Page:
On Making Not Much
There can be something preposterous and pretentious about writing a director’s statement. Making a film is an organic process. It is also a collaborative effort where no one can foresee the outcome with any kind of accuracy. Yet, in presenting and introducing our films, we make a great deal of final, unalterable, and declarative statements. It is as if we forget that making a film is a process, wherein the journey is far greater than the destination.
During the various stages of production, the director, if sufficiently invested, grows along with the work. When the process ends and the film is complete, the director emerges from a cocoon to see the finished work for the first time. In spite of spending upwards of a year working on something, the director is as likely to be surprised with the results as anyone else.
That is to say, any statements we make at the outset a film, will almost certainly be much different from the things we end up writing at the end. Every time we view a film we see something different. Watching films at different times in our lives has different effects on us. We don’t see things the way they are, but rather, the way we are. While we continue to grow and change, our films lay open to new interpretations and the statements we once made about remain fixed.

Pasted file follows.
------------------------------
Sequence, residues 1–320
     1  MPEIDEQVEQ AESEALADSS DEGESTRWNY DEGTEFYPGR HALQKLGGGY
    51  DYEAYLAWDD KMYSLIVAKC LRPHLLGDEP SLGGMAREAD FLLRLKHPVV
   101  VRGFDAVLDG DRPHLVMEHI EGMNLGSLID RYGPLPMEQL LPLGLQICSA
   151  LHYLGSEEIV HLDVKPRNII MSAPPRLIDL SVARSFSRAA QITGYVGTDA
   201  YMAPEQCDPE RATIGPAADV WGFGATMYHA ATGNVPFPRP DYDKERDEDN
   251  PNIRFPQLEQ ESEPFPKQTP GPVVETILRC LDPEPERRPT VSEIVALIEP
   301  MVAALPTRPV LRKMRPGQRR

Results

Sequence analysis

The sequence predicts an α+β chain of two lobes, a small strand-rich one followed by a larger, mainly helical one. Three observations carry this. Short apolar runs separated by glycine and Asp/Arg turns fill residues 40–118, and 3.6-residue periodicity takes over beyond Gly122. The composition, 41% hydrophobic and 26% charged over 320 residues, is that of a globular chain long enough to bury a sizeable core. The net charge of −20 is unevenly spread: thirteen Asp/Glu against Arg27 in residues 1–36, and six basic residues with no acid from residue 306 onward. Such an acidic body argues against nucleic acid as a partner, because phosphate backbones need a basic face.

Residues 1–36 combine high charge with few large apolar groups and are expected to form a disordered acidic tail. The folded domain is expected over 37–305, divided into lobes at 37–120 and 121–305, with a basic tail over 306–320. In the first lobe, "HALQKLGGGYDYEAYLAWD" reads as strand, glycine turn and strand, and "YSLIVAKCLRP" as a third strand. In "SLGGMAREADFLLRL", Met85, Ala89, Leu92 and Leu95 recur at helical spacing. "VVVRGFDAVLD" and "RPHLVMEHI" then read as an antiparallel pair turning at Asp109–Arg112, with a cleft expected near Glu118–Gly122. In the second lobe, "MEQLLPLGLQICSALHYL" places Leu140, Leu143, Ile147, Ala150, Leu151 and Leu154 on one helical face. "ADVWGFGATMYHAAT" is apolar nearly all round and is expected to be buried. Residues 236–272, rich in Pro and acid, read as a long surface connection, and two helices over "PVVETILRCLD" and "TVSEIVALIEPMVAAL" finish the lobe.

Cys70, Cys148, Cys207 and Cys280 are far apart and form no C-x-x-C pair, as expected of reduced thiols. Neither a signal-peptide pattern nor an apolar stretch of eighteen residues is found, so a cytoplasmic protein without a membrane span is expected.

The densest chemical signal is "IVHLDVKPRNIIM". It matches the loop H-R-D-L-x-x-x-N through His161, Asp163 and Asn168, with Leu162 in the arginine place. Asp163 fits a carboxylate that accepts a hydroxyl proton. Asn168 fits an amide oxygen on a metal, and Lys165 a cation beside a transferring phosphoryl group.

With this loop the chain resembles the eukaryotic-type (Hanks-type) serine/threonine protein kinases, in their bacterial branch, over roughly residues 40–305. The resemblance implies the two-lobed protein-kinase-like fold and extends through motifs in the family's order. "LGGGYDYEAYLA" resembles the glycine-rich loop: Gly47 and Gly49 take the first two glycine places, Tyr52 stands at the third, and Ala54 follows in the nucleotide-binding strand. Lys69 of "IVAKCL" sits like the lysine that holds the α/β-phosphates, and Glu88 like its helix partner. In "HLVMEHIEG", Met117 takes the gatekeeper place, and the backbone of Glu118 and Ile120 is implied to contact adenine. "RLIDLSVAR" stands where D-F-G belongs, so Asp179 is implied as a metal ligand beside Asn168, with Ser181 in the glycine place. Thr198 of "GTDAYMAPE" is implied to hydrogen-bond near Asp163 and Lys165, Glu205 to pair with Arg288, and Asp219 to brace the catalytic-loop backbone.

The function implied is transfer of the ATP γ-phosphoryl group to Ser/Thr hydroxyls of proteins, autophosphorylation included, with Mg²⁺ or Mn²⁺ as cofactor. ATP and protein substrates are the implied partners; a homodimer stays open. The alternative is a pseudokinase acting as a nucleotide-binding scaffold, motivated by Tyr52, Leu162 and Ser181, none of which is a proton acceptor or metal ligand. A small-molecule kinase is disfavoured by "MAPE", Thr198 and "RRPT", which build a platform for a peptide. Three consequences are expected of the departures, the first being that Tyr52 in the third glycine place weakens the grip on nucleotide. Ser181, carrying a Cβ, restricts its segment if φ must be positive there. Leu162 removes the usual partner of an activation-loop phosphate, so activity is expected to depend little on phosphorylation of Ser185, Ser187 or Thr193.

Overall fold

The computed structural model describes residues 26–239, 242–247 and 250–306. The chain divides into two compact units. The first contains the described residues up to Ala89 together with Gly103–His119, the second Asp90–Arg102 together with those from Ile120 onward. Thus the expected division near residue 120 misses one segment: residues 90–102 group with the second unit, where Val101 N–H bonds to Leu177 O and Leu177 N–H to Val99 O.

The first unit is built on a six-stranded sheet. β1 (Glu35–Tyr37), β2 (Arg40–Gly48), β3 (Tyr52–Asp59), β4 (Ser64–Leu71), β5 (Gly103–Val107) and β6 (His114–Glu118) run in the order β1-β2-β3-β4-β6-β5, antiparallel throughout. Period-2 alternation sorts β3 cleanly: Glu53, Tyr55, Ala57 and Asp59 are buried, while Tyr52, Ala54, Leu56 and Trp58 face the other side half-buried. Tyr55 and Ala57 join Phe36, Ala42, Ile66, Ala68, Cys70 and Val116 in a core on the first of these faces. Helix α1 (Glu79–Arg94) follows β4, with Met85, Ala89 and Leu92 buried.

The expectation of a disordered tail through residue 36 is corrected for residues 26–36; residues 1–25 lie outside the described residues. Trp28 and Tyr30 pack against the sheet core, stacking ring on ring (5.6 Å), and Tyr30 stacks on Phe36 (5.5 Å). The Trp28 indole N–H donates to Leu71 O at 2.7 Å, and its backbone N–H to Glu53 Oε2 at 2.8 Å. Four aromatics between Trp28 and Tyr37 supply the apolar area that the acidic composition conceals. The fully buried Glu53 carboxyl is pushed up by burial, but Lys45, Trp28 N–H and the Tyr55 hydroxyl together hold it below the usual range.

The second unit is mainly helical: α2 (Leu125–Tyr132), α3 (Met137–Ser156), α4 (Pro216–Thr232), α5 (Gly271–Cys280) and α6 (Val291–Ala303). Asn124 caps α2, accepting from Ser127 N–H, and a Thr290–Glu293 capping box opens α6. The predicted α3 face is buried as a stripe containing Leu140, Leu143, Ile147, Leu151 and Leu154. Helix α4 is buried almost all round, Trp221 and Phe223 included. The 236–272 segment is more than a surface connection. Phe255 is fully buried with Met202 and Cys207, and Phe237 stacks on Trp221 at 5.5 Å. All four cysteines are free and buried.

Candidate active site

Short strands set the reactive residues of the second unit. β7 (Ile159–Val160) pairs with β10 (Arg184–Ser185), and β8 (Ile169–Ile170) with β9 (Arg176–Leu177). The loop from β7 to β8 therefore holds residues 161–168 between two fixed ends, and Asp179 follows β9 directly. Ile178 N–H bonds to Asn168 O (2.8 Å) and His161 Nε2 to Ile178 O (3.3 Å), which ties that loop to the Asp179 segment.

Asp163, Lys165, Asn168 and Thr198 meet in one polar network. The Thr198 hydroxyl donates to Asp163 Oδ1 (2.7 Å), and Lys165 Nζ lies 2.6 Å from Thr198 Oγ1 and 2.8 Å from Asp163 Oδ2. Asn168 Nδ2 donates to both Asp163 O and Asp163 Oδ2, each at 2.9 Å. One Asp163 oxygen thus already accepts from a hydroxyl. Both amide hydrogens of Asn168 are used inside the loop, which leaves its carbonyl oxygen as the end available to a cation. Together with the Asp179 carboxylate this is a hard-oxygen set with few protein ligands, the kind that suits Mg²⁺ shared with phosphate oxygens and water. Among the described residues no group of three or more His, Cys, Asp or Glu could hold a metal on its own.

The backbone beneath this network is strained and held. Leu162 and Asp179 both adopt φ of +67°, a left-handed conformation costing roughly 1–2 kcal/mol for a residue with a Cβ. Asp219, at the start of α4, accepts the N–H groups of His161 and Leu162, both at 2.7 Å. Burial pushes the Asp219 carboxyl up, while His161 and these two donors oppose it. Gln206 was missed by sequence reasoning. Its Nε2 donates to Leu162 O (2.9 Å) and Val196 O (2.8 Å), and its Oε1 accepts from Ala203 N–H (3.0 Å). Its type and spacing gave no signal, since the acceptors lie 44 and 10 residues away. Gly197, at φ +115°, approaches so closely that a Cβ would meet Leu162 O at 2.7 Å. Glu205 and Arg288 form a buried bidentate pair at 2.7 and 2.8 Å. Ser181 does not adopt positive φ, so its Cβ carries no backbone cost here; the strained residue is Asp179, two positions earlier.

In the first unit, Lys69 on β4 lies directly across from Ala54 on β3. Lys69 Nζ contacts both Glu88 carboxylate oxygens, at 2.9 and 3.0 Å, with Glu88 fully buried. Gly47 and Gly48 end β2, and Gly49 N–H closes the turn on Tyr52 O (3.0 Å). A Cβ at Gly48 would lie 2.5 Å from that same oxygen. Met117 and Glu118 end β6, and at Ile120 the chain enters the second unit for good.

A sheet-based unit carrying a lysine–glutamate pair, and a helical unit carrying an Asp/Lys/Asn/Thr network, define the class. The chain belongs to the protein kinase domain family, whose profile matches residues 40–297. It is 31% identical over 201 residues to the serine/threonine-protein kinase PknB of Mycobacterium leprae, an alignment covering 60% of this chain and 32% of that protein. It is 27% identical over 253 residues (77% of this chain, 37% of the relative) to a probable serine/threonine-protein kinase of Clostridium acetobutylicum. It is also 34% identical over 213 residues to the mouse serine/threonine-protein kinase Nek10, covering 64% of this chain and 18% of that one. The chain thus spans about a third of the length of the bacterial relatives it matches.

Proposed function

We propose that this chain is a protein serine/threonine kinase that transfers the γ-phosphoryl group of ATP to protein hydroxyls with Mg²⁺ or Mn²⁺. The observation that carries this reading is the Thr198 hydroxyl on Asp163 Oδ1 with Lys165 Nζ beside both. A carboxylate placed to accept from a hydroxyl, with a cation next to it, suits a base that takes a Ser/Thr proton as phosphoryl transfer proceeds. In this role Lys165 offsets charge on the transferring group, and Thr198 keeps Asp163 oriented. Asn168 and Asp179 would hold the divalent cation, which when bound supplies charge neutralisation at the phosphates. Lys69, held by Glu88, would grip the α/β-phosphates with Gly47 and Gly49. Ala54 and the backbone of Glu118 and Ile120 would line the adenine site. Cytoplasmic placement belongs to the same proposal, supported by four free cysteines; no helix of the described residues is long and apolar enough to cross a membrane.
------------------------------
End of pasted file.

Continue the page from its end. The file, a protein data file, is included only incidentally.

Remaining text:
In discussing Not Much , now that it is complete, I see a nice dénouement. It is a film about priorities that ultimately leads to an irreversible change in an individual’s life. In any life, people’s priorities change. I see in my protagonist a man coming to grips with his changing priorities. In myself, I see the same things as I emerge from the journey of making this film a different person. When my original intentions for this film began to shift, it was because I was finding that newly discovered values and priorities were taking charge of me. Rather than making a film that presents what I already know, it is a journey of self-discovery that I have taken with the audience in search of reconciliation with new priorities. It makes it no less interesting that it is all done through drama.
A traveller returning home after reaching a far off land, is sure to feel different about his quest than he did on the day he first set off. Likewise, a director who emerges from an intense filmmaking experience will be a different person than he was going into it. Though it is a collaborative effort, the filmmaking process can be a deeply personal journey for the director and the actors.
This is all very personal. Of course, every frame of film that makes it on screen is personal. I am extremely grateful to all the actors, crew and supporters that saw this film through to the end.
Beijing, China – October 2004